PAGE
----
David Owen

Publication of my cricket buddy Adam Rutherford's new book – How to Argue with a Racist – could hardly have been better timed.

Sport can play an unintended role in perpetuating the attitudes and prejudice at the root of racism, both casual and ideological.

This is because of the way certain events can be dominated by members of a relatively small, readily identifiable group.

The dominance of the 100 metres, probably the most prominent event in the entire Olympic canon, by athletes of West African heritage, some of whose ancestors may have been enslaved, and the dominance of long-distance disciplines by runners of East African origin are the two most frequently-cited examples.

They are also, understandably, the two examples Rutherford, a geneticist, focuses on in a long chapter – one of just four in the book – devoted to genes and ethnicity and sport.

Personally, I am just as fascinated by the long list of Olympic sports and events over which white athletes retain a near complete stranglehold.

On returning from Athens in 2004, I spent months researching the case of swimming in this context, having found my eyes drawn under the azure Greek sky to silver medallist Malia Metella, and then realising with a clang that could have been heard all the way to Piraeus, that it was because of her skin tone – black in a sea of white.

Usain Bolt wins the men's 100 metres final at the Rio 2016 Olympics ©Getty Images
Usain Bolt wins the men's 100 metres final at the Rio 2016 Olympics ©Getty Images

Rutherford does touch on swimming, after making the point that if West African heritage were really the be all and end all of sprint success, you might expect African-American and Caribbean athletes to dominate sprint swimming as well.

But athletics is his prime focus.

If the title of the book does not give you enough of a clue as to his stance on one of the most explosive/divisive issues of our times, then perhaps the knowledge that he has named his new whippet puppy Jesse will.

It is a stance I am in total sympathy with; but, unlike me, Rutherford has half a lifetime of scientific study and a gift for clean, simple, explanatory prose with which to back it up.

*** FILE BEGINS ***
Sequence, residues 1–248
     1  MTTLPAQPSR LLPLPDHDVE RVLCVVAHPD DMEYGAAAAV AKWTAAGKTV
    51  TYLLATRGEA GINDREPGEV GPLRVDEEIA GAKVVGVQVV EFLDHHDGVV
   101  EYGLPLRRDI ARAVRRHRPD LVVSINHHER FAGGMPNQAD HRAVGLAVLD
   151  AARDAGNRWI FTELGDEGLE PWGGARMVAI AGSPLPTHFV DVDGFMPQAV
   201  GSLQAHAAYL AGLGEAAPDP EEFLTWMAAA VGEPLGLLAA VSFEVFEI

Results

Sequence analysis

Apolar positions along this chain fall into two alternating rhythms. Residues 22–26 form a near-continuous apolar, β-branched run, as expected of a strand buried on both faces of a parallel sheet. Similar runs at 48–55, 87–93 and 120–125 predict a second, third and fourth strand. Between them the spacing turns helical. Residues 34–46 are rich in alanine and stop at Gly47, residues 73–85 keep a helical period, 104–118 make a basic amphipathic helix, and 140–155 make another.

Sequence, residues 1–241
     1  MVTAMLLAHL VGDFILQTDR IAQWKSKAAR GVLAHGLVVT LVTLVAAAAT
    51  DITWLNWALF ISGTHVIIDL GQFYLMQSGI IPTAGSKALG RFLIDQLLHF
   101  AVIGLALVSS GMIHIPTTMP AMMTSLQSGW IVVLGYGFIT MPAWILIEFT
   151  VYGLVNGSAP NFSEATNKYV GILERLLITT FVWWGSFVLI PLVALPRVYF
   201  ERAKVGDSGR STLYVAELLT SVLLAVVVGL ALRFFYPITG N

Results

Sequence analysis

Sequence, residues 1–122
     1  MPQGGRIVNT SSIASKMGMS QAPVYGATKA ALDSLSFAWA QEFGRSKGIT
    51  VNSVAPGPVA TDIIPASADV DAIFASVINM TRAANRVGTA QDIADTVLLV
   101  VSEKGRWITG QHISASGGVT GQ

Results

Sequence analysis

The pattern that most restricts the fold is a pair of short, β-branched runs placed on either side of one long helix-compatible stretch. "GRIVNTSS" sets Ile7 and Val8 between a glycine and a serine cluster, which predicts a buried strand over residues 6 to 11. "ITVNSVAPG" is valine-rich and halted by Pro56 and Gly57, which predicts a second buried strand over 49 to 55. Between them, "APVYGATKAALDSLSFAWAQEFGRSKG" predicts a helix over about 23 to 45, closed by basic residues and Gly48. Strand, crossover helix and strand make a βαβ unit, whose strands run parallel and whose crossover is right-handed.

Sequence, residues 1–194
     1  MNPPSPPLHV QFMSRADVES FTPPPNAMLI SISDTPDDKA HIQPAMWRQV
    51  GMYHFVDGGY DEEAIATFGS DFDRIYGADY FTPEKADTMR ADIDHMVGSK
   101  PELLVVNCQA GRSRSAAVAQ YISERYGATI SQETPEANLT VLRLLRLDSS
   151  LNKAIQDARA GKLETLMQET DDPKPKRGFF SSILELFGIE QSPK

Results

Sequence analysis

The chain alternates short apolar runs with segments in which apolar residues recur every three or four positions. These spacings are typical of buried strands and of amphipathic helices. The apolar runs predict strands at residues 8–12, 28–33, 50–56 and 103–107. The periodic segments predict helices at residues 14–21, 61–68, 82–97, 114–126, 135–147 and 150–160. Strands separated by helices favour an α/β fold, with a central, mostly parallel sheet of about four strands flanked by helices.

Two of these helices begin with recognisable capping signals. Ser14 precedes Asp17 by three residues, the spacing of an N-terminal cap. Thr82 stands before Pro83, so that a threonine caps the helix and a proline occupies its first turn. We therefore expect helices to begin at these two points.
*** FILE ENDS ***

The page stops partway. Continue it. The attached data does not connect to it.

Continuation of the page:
One point he makes is that the dominant groupings associated with particular events can, and do, change.

Be honest: which nation's runners do you think this is about?

"Running is certainly in the blood of every [blank].

"[Blank] and his friends are like animals in the forest.

"Their awe-inspiring times are a way of giving thanks to Mother Nature."

The answer? Finland – the second blank in the quotation is distance-running legend Paavo Nurmi, and the writer a certain Jack Schumacher.

What you will not find in Rutherford's book is the definitive explanation of why white athletes no longer qualify for Olympic men's 100m finals.

As he concludes: "Human genetics is as complex as human history because human genetics is part of human history."

Nor does he reject out of hand the notion that our genetic make-up may, indeed does, play a part in determining what we are good at.

But, to quote a gazillion Facebook profiles: it's complicated.

Adam Rutherford's book covers genes and ethnicity in sport ©W&N
Adam Rutherford's book covers genes and ethnicity in sport ©W&N

"More than 150 individual points of genetic difference have been identified in 83 genes in elite athletes in hundreds of studies, of which approximately three-fifths appear to relate to endurance and the rest strength or power," he writes.

Moreover: "Genes have many effects, and rarely can single attributes be ascribed to them."

The variant of the famous angiotensin-converting enzyme, or ACE, gene associated with superior powers of oxygen uptake, and therefore endurance, is indeed prevalent in distance-running superpowers Kenya and Ethiopia; but it is just as prevalent in non-runners as runners.

In other words, "It is a national genetic characteristic, irrespective of athleticism."

But if you will not find a clear-cut explanation of why Jamaican sprinters are so outstanding, the book will almost certainly give you a better understanding of why the theories and arguments of racists observing the great global theatre of sport do not stack up.

If you look at the prevalence of the version of the so-called "speed gene", alpha-actinin-3, ACTN3 for short, that is associated with a high incidence of fast-twitch muscles, and hence of explosive power, occurring in African Americans versus white Americans, Rutherford explains, it might usefully account for an imbalance of six African American elite sprinters to every five white runners.

In fact, the observable imbalance is far greater: it is unlikely that any of the Tokyo 2020 men's 100m finalists, assuming for the moment that that starting-pistol does get fired, will be white.

"Maybe there are probabilistic predictions one could make about ethnicity and sporting success based on genetics," Rutherford acknowledges. 

East Africa is considered the powerhouse region of long-distance running ©Getty Images
East Africa is considered the powerhouse region of long-distance running ©Getty Images

"But they would be weak at best….

He goes on: "Having the right genes is necessary, but not nearly sufficient, to account for the dominance of any group of athletes in any sport….

"Just as ACTN3 is not a speed gene, ACE is not an endurance gene…

"There is a real danger here of fetishising two genes out of 20,000 in a way that steers us back towards an essentialist view of racialised sport."

If you are interested in Olympic sport – and why would you subscribe to insidethegames if you were not? – do read this book.

It is short and to the point.

If we all take on board its contents, and act accordingly, the world would be a better place.

It is hard to think of a higher recommendation for any text.